Pinterest, the image-based social network that’s valued at about $5 billion, says that a plan to push ads to users is showing promising results, Re/code reports. The company will roll out ads widely in on Jan. 1.
Uber is meeting with Delhi’s transport authority in the hopes of working out a regulatory framework for taxi-hailing apps, Tech in Asia reports. The app was banned a few weeks ago after a driver with a criminal record allegedly raped a female passenger.
Xiaomi confirmed that it raised $1.1 billion and that it’s now valued at $45 billion. Bloomberg reports that investor Yuri Milner, who also invested in Facebook and Alibaba, believes the smartphone maker’s valuation could hit $100 billion.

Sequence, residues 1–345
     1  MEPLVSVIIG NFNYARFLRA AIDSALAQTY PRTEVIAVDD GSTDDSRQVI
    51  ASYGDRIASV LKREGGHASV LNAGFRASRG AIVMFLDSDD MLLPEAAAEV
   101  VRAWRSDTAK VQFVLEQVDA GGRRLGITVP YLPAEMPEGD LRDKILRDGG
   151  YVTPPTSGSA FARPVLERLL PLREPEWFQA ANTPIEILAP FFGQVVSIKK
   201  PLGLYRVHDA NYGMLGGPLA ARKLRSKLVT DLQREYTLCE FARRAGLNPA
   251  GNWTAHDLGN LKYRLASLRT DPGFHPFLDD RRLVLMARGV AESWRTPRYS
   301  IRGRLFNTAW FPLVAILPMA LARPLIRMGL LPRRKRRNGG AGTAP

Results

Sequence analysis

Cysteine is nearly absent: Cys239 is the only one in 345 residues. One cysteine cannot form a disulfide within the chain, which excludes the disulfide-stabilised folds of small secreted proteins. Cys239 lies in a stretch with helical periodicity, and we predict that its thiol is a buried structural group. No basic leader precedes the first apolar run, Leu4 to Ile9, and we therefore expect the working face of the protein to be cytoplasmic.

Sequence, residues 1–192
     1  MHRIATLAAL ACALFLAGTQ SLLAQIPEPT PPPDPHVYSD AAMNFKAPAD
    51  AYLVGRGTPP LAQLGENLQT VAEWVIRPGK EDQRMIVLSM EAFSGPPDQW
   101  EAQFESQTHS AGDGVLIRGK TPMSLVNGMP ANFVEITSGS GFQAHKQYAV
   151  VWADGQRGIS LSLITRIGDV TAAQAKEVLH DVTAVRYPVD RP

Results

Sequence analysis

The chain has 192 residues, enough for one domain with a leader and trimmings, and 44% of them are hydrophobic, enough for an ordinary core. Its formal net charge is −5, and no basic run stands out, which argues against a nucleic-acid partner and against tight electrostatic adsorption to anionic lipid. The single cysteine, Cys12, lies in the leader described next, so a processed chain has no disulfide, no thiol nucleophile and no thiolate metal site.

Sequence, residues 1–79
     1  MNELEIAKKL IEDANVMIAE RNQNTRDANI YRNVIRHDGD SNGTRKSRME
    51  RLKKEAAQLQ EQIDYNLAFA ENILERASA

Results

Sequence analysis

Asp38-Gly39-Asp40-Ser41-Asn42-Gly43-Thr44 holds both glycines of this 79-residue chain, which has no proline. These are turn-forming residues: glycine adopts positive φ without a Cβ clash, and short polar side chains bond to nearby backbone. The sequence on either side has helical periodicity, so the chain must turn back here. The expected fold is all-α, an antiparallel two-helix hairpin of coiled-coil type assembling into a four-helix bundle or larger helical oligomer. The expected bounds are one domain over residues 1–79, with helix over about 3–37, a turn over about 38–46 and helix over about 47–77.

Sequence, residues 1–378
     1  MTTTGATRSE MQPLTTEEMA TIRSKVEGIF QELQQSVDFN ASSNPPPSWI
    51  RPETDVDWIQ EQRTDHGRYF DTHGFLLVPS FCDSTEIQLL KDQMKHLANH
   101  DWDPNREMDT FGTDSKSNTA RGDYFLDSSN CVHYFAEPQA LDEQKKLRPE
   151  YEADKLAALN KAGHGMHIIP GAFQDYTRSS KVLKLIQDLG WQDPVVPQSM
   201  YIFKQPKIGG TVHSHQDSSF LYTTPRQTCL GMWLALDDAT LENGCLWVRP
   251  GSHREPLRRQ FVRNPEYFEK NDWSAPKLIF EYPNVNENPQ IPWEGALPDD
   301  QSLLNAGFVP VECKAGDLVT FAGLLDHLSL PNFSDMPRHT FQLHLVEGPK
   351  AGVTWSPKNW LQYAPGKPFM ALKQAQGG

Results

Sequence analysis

People and Personnel Moves
Bob Iger is turning Disney into a tech company, claims Fortune’s Michal Lev-Ram. Square CEO and Disney board member Jack Dorsey tells the magazine:
Disney has always been about building technologies, not just applying technologies. But I think Bob is rekindling that relationship with technology in a way Disney hasn't seen for some time.
Marissa Mayer is the subject of yet another glass-cliff discussion. This time, New York Magazine’s Annie Lowrey argues that if Yahoo’s decline is a fait accompli no matter who’s at the helm, then Mayer shouldn't bear the blame for the company’s failure. To do so “might cement the stereotype that women are worse managers and executives than men, all because they are asked to manage worse businesses then men.”
Saar Gur, a VC at Charles River Ventures, talks to StrictlyVC about how to market your firm and lessons from BrightRoll.